100 wonton wrappers
4 teaspoons vegetable oil, divided*


1.      Combine boiling water and mushrooms in a bowl; cover and let stand 30min. Drain; discard stems, and mince caps

2.      Combine mushroom caps, water chestnuts, cabbage, carrots, celery, ginger root, and sesame oil.

3.      Place 2 teaspoons vegetable oil in a saucepan on medium-high heat. Place garlic cloves in pan. Add in the thawed spinach.

4.      Once the spinach and garlic are cooked, reduce the heat to medium-low and add in the mushroom mixture. Continue to stir-fry until the vegetables are cooked; they will feel soft, but not mushy.

5.      Remove from heat and pour into a big mixing bowl

6.      Spoon 1 tablespoon of filling mixture into the center of each wrapper

7.      To seal the wrappers, moisten edges of wrapper with water, and bring together opposite edges, folding almost like a soft taco. Press firmly to seal.

Two options for cooking:

1.      If you have a metal or bamboo steamer:

a.       Place cabbage leafs inside of steamer, covering the bottom. Place sealed pot stickers on top of leafs, leaving about an inch of space so that the pot stickers won’t stick together.

b.      Once the steamers are full, cover and stack on top of a pot of simmering water. If using a gas stove, be careful that the flame doesn’t reach the bamboo.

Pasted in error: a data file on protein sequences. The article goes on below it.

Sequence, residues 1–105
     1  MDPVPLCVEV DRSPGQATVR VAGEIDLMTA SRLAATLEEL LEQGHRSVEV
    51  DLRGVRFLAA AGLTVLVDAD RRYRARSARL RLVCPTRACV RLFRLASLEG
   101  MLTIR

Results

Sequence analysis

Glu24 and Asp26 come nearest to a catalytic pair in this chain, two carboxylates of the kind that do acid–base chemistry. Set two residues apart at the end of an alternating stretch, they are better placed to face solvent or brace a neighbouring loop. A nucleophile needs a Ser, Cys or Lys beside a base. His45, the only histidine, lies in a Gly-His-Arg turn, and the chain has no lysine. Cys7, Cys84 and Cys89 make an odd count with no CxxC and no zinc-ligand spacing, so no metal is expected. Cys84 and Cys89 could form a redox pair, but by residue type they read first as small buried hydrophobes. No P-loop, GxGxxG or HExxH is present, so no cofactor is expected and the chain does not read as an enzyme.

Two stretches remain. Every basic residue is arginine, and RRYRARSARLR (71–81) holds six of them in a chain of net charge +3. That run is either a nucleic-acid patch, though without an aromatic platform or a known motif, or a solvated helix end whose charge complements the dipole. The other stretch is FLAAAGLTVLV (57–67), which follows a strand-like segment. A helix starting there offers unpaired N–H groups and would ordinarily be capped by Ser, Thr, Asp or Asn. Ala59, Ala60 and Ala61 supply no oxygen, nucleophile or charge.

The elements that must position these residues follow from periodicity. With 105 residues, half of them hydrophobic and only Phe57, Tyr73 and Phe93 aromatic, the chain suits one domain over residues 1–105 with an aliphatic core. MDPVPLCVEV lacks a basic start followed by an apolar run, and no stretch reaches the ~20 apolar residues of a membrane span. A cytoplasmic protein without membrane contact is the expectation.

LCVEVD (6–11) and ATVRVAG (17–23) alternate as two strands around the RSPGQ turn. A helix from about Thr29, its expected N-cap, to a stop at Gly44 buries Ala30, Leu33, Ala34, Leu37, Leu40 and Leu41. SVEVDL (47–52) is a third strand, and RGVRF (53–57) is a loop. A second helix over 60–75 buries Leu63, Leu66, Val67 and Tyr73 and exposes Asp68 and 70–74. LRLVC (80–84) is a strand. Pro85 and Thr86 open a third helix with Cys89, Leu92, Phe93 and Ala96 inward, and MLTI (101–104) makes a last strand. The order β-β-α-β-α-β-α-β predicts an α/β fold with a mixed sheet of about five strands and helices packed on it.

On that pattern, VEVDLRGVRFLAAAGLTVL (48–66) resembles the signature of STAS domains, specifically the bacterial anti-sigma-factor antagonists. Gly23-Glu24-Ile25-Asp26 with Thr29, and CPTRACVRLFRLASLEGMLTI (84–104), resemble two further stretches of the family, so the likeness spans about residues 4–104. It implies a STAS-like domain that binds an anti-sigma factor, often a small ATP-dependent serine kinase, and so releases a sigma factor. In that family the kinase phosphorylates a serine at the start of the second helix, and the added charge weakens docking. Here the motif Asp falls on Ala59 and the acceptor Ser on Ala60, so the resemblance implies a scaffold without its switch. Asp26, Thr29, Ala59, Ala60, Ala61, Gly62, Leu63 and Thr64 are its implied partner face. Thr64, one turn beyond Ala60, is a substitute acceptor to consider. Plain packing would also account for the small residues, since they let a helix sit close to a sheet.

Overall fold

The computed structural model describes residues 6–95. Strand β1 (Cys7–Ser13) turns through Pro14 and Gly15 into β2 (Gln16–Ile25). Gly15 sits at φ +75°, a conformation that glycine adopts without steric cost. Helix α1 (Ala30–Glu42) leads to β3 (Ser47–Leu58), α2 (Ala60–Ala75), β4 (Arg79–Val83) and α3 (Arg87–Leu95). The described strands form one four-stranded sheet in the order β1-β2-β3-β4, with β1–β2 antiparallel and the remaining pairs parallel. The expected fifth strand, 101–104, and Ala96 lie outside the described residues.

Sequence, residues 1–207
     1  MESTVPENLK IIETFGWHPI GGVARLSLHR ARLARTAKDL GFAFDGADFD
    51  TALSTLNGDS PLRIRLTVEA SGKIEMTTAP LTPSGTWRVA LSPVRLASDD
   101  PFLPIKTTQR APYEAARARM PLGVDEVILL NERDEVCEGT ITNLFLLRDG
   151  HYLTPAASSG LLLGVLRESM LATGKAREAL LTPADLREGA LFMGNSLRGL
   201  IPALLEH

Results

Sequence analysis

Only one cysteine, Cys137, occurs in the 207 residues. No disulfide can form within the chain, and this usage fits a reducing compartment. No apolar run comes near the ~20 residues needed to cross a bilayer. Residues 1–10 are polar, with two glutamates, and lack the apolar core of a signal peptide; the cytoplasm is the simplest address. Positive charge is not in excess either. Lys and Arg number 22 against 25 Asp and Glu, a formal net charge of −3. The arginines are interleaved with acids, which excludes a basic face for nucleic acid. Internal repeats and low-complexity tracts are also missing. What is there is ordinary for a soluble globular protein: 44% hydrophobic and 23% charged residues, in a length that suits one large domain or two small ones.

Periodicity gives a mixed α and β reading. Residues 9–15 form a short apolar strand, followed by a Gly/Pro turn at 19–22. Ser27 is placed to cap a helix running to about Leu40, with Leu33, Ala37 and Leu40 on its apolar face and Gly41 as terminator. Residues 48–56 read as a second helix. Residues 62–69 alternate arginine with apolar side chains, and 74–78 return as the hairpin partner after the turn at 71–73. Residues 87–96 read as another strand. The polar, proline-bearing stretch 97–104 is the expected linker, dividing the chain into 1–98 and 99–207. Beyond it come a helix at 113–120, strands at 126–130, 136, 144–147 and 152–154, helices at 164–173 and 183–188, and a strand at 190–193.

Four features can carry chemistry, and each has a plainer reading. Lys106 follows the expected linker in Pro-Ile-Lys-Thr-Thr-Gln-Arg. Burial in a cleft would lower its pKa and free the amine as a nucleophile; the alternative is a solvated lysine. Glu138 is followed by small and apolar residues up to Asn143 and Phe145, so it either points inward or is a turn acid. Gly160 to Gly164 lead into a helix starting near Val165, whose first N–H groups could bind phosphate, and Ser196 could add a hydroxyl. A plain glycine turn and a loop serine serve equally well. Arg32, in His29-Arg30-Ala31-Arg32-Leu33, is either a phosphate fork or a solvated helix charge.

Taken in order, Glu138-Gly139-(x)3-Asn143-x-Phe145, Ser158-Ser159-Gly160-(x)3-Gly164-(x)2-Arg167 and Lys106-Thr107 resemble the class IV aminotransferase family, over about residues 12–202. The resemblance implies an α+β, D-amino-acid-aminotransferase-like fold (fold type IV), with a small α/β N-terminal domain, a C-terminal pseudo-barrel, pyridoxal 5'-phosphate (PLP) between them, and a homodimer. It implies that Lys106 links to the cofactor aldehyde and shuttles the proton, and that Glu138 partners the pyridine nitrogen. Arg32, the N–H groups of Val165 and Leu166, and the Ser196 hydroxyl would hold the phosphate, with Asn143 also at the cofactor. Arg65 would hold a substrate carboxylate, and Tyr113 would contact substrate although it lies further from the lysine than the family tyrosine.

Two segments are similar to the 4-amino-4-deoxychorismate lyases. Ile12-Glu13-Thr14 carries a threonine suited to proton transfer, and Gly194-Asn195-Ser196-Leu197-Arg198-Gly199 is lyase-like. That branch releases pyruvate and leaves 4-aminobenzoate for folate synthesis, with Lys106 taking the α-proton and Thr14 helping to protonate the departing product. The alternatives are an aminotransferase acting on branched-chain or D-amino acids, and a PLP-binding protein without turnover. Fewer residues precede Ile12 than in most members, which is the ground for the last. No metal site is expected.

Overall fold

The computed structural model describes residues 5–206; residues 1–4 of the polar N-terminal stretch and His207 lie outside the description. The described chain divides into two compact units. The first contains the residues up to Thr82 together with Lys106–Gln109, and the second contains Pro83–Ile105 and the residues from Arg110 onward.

c.       Steam for about 8-10 min. The pot stickers are ready when the wrapper turns from a floury-cloudy color to almost transparent.

d.      Remove steamers from pot and allow to cool for 3min

2. If you do not have a steamer:

a.       Heat 2 teaspoons vegetable oil in a large nonstick skillet over medium heat. Place half of pot stickers in bottom of skillet

b.      Cook 3min or until bottoms are lightly browned

c.       Add ½ cup of water to skillet; cover and cook 3 min or until liquid is absorbed

d.      Remove pot stickers from skillet and allow to cool for 3 min

Because there is no soy sauce in the recipe itself, the pot stickers taste better with a dipping sauce. Soy sauce, sweet and sour sauce, or any other Asian-flavored dipping sauce will do the trick.

*We used a brand from Super88 that translates as  “Tea Mushrooms” but the original recipe calls for shitake mushrooms.



JT posted on April 16, 2011 at 10:48 pm

Wow those pot stickers look delicious! I think I will have to try to make the recipe this week! I’ll have to try to look for a low sodium soy sauce I think. Thanks for sharing